The fingerprint scanner security feature of the newly launched Samsung Galaxy S5 smartphone can be bypassed with a spoofing hack. The hack was demonstrated by researchers from Germany-based Security Research Labs.
This exploit comes in the wake of a similar one developed by a team of white hackers for the fingerprint sensor of the iPhone 5s. Ars Technica has observed sucg hacks exposed the inherent risk of using biometric security features that promise convenience without the hassle of having to recall passwords or keystrokes.
In an email to Ars Technica, the Germany researchers said that they wished the fingerprint sensor of the Galaxy S5 had provided more challenge. Instead, they chided the engineers for not implementing stricter anti-spoofing measures; in addition, a password challenge feature should have been added, after a number of unsuccessful swipes attempt.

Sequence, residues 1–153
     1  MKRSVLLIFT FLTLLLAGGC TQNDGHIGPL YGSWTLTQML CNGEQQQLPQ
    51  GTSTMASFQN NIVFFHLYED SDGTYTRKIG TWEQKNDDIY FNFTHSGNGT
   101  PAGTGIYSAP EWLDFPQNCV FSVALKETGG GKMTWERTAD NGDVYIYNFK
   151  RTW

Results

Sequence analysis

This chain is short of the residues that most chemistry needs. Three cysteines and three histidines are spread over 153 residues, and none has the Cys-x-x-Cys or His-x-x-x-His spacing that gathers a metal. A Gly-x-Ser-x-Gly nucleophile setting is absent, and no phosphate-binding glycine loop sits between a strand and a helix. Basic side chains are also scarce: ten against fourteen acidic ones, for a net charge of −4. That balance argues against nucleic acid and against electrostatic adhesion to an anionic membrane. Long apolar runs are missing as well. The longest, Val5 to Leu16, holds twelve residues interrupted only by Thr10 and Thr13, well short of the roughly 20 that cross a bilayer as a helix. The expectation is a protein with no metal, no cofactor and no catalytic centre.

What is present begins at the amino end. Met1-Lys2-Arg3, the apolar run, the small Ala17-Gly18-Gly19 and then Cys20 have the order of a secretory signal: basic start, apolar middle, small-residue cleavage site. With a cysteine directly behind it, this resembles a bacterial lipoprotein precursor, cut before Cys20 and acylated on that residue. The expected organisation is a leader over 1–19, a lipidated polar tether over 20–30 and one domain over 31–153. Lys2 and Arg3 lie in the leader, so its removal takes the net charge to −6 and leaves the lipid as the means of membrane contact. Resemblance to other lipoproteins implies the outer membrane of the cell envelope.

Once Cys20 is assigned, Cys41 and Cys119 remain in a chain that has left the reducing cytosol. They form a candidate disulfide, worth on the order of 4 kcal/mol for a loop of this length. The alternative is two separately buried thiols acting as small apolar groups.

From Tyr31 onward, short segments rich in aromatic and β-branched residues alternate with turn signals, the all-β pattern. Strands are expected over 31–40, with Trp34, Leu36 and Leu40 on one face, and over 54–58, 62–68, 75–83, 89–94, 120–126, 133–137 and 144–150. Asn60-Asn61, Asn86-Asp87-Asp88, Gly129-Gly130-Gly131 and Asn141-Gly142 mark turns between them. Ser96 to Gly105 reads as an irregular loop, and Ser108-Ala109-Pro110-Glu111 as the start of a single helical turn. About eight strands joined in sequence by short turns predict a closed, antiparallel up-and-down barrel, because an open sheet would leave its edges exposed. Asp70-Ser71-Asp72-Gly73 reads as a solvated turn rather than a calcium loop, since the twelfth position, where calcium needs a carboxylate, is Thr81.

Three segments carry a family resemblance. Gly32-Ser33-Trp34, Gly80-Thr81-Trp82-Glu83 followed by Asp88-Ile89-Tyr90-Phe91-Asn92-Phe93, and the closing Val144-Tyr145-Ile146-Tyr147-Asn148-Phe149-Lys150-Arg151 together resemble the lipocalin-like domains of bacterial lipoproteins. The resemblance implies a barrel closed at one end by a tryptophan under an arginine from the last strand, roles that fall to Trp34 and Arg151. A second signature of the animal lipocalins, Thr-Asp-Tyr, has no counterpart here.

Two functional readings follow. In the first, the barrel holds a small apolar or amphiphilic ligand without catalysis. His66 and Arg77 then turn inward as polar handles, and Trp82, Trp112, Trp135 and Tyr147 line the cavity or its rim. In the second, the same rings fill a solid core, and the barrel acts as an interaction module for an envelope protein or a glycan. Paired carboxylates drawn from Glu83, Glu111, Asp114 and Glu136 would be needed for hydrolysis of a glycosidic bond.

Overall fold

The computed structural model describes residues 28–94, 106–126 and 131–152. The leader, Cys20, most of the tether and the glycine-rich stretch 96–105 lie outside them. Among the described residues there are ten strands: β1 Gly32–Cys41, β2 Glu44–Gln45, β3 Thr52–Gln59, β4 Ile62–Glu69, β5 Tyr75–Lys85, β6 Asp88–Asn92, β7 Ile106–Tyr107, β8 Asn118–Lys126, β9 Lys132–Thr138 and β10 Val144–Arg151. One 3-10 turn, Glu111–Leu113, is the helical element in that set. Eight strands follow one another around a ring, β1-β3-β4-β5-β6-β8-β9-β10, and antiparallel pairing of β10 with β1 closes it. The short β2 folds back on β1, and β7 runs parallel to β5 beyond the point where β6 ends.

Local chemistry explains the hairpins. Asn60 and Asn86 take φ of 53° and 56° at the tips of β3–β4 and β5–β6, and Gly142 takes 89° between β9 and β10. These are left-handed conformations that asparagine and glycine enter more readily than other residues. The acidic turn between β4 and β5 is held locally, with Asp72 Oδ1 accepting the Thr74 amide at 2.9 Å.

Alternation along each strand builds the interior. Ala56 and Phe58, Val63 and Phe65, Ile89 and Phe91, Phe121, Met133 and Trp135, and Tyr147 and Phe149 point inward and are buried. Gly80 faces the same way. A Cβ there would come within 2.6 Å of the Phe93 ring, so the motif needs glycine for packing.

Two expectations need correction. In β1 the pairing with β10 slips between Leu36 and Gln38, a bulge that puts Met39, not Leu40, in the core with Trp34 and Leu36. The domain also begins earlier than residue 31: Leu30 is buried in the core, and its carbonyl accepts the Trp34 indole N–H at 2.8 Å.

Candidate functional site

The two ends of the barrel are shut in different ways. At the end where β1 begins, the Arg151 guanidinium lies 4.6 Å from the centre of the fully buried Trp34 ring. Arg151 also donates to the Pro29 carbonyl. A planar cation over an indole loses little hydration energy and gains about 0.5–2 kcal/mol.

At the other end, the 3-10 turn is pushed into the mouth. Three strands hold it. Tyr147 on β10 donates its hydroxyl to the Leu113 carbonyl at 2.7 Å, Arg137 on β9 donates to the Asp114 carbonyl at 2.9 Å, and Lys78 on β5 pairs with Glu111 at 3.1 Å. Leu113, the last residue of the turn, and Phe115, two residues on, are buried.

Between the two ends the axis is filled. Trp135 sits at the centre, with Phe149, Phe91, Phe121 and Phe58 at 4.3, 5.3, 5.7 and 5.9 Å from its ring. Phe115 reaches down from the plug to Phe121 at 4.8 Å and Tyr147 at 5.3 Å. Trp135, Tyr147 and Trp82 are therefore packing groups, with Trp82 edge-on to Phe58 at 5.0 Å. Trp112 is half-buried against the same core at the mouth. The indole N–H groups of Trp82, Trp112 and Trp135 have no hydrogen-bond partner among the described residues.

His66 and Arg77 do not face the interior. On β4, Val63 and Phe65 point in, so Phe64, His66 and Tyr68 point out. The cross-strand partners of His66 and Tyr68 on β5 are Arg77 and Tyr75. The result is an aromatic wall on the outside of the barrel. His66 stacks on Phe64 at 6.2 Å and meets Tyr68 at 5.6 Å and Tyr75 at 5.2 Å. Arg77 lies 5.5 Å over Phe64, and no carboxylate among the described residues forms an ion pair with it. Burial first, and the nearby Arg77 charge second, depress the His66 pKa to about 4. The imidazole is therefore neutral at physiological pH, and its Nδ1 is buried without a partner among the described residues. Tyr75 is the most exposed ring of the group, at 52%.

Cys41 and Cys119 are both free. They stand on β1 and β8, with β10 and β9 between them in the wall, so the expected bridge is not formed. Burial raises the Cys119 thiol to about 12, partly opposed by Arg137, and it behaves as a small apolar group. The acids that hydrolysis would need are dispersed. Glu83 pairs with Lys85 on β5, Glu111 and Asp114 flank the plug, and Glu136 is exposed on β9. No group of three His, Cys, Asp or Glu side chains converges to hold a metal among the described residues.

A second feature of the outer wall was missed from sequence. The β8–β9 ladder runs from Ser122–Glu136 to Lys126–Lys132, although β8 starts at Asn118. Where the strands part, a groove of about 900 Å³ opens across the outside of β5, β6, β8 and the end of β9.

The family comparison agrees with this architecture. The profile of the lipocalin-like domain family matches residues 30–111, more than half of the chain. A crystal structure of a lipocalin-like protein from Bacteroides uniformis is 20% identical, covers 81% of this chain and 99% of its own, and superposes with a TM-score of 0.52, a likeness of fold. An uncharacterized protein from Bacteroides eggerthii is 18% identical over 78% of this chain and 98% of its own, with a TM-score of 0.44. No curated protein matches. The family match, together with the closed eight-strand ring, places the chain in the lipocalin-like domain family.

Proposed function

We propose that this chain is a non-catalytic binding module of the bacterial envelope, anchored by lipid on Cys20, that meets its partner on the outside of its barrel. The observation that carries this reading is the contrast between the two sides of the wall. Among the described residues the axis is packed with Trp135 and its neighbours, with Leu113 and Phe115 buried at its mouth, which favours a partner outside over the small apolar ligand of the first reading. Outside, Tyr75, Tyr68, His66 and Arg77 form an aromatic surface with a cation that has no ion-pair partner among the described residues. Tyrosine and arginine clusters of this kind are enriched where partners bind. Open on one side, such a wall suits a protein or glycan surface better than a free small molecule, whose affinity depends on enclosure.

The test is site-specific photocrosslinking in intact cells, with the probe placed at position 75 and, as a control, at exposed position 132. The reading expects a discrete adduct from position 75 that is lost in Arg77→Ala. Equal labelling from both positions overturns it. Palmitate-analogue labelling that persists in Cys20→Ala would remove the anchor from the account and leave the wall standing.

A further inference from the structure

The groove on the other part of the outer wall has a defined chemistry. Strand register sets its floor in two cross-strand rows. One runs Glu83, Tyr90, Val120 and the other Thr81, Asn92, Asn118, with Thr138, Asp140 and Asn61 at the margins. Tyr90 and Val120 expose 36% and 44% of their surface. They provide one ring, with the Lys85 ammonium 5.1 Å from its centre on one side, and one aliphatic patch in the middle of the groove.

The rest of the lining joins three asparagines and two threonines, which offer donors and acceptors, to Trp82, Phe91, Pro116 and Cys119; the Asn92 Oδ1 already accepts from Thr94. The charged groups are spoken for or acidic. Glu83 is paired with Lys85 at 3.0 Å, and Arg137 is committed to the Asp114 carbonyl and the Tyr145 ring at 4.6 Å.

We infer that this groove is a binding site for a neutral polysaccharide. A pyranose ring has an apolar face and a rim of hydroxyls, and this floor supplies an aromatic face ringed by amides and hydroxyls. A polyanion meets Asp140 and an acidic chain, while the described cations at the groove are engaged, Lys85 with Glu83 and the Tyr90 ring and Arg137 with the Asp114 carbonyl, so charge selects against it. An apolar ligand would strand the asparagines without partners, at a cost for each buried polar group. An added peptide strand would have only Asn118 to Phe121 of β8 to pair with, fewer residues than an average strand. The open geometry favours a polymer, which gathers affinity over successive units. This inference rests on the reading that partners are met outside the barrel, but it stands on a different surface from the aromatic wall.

The most pressing concern arising from the Galaxy S5 fingerprint spoofing hack is the ability of the hacker to take over the Paypal account, authenticated with the compromised fingerprint. According to Security Research Labs, their spoofed fingerprint was "crafted by taking a camera-phone photo of an unprocessed latent print smudge left on a smartphone screen." The exploit was carried out using a "wood glue spoof" made from an etched PCB mold. In fact, the exploit was built on the researchers’ prior works done while researching the Apple Touch ID feature.
(Source: Ars Technica)